The Joe Walls Story
by Joe and Jodee Walls
They were living the American Dream. Their American Dream, anyway. Restoring their historic home together, coaching their two sons’ Little League teams, planning for the future. He was finally getting to use his biology degree as a water operator at a rural water plant. She was able to stay home with the kids. Life was good.
Until March 28, 1997. It was Good Friday, ironically enough. When Joe Walls came home, his wife, Jodee, asked him how his day was. He told her the fluoride pump had gone down again at the Kimzey Regional water plant, and when he attempted to investigate the problem, he was sprayed with 250 PSI of fluorosilicic acid as he removed the lines from the pump. He showed her what looked like a mild sunburn on his arms and upper body. Even his hands were burned, even though he had been wearing gloves, since the chemical splashed over the top of his rubber gloves and quickly filled them. Later Jodee found the outer shirt he had worn that day in the laundry and wondered why he hadn’t simply thrown it away, as the holes eaten in it from the acid made it fit for nothing but a dust rag. He was especially frustrated because when he went to wash the chemical from his body, he discovered the chemical shower in the plant wasn’t operational, so he had to do the best he could to clean himself in the sink.
He called the office to report the incident and made a note of it in the daily log. When he called, the office manager told him to come by the office before he went home for the day.
The week before Joe had injured his back unloading chlorine tanks from a delivery truck. He had seen his doctor, been diagnosed with a slightly herniated disc, and told to take off work for a week. When he went by the office the afternoon he was splashed with fluoride, the office manager said the doctor had released him for “light duty” work only. Because the water operation didn’t have any jobs considered light duty, he would not be allowed to work until his doctor reported him a fit for full duty.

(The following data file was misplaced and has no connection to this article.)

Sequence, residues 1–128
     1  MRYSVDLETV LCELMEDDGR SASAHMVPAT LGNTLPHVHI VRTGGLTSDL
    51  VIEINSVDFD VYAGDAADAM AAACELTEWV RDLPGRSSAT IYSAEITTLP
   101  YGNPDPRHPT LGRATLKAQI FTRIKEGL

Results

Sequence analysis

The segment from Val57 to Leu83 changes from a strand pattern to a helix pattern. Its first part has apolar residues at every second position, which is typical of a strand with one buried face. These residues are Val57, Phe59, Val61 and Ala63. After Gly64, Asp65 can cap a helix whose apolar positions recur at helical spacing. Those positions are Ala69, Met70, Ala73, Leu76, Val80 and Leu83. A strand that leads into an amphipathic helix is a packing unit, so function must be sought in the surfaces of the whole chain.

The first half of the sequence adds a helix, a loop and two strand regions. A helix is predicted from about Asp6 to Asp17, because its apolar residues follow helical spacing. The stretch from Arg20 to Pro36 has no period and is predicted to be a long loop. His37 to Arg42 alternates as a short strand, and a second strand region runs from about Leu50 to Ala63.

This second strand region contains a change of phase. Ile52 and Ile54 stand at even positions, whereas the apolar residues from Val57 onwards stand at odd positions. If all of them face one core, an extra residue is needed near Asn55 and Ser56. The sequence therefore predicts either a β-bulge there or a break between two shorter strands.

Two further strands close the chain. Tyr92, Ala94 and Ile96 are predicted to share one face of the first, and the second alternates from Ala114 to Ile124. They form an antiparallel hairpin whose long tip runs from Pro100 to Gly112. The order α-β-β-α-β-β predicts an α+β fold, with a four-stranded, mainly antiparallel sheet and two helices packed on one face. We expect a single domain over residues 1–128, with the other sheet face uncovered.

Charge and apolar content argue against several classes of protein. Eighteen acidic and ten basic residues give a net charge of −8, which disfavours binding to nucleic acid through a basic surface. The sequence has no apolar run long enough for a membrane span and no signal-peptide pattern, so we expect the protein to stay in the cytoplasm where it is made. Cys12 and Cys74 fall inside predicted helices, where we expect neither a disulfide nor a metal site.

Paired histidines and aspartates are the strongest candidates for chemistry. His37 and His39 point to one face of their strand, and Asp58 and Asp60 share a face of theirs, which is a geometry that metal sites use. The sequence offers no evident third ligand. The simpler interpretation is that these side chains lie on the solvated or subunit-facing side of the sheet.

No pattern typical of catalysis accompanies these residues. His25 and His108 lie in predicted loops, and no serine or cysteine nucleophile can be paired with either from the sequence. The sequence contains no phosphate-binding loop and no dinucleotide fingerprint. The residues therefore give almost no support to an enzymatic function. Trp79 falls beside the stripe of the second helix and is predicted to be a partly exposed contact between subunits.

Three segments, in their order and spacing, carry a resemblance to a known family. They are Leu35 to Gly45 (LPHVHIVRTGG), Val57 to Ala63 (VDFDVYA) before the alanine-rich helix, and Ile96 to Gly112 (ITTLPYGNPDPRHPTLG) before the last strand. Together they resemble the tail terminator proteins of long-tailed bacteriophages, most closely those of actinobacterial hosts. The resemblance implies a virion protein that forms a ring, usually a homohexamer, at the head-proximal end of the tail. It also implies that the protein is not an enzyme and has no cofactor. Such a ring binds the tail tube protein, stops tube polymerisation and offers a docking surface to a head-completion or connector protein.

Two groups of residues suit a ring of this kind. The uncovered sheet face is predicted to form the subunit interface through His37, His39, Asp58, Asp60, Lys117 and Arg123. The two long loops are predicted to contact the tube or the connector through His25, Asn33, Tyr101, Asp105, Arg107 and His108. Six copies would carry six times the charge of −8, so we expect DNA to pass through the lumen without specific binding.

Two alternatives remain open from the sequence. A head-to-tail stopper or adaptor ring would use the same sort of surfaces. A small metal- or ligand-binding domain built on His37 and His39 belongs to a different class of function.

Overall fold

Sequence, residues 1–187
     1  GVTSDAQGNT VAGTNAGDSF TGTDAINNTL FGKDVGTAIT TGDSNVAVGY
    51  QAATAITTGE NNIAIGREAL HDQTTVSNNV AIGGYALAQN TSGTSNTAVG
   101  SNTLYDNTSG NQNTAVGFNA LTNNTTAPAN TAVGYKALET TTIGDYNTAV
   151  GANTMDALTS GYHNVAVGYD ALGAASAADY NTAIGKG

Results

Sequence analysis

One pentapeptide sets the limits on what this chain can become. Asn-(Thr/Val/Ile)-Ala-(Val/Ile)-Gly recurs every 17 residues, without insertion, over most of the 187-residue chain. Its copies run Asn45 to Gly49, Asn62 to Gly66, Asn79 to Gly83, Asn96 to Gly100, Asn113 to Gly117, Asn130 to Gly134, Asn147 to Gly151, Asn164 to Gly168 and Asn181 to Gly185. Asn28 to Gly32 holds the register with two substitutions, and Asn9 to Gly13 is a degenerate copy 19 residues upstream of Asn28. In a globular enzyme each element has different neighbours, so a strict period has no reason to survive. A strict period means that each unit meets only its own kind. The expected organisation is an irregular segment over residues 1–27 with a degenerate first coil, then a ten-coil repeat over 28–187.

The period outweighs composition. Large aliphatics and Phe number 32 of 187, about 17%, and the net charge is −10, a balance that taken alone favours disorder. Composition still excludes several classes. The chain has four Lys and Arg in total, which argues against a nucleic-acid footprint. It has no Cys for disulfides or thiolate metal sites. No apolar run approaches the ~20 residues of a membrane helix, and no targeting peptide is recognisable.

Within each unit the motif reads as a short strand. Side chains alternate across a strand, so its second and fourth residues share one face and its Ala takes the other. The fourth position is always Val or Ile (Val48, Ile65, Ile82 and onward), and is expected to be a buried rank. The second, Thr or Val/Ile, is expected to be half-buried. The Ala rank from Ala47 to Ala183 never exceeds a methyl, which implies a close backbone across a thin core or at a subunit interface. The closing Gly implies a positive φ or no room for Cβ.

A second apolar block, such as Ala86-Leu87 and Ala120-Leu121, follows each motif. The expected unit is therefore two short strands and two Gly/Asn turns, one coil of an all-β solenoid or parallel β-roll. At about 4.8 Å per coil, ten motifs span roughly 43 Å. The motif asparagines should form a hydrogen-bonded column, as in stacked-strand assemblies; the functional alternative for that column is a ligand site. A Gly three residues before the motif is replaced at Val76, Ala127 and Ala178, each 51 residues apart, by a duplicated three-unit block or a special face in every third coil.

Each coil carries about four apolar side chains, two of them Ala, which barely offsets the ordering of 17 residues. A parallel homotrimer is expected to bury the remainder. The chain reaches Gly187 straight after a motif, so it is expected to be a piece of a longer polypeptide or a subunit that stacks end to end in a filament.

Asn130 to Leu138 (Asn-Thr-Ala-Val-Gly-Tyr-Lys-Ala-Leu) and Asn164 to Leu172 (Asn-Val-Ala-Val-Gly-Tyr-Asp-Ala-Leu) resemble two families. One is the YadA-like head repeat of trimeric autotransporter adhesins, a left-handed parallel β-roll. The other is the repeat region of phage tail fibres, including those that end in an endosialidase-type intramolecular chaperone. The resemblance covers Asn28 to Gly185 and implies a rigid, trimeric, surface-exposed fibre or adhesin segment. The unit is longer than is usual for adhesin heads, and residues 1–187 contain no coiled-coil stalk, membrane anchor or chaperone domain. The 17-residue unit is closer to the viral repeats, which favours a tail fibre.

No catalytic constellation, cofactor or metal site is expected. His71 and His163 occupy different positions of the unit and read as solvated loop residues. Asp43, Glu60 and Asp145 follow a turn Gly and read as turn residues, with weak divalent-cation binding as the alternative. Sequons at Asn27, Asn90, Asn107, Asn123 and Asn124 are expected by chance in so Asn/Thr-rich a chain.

Joe felt fine, his back was no longer bothering him, so he figured he would call the doctor Monday and request a full release. Little did he know that release would never come.
Over the course of that Easter weekend, he began feeling worse. Not only was his back hurting again, he was having pains in his neck that traveled down his right shoulder and arm. His right arm was in turns feeling pins and needles pricking it, on fire, or aching with a cold numbness. By Monday morning he was hardly able to move. He made another appointment with the doctor.
The next seven months were a debilitating nightmare of orthopedists, neurologists, and rheumatologists, as Joe became sicker and sicker, more and more unable to carry out simple tasks of daily living, in greater and greater pain. He experienced constant nausea and blinding headaches. He threw up daily, often hourly, lost fifty pounds, was hospitalized for dehydration. Doctors ruled out ALS, MS, RSD, and a host of other diseases and disorders with terrifying acronyms. No one could tell him what was wrong with him as he continued to lose muscle mass and bone density and his teeth cracked and crumbled and the pain became unceasing and excruciating. One thing the doctors did agree on: Whatever was wrong with Joe, it wasn’t caused by a back injury. Their only course of action was to prescribe ever increasing amounts of pain medicine.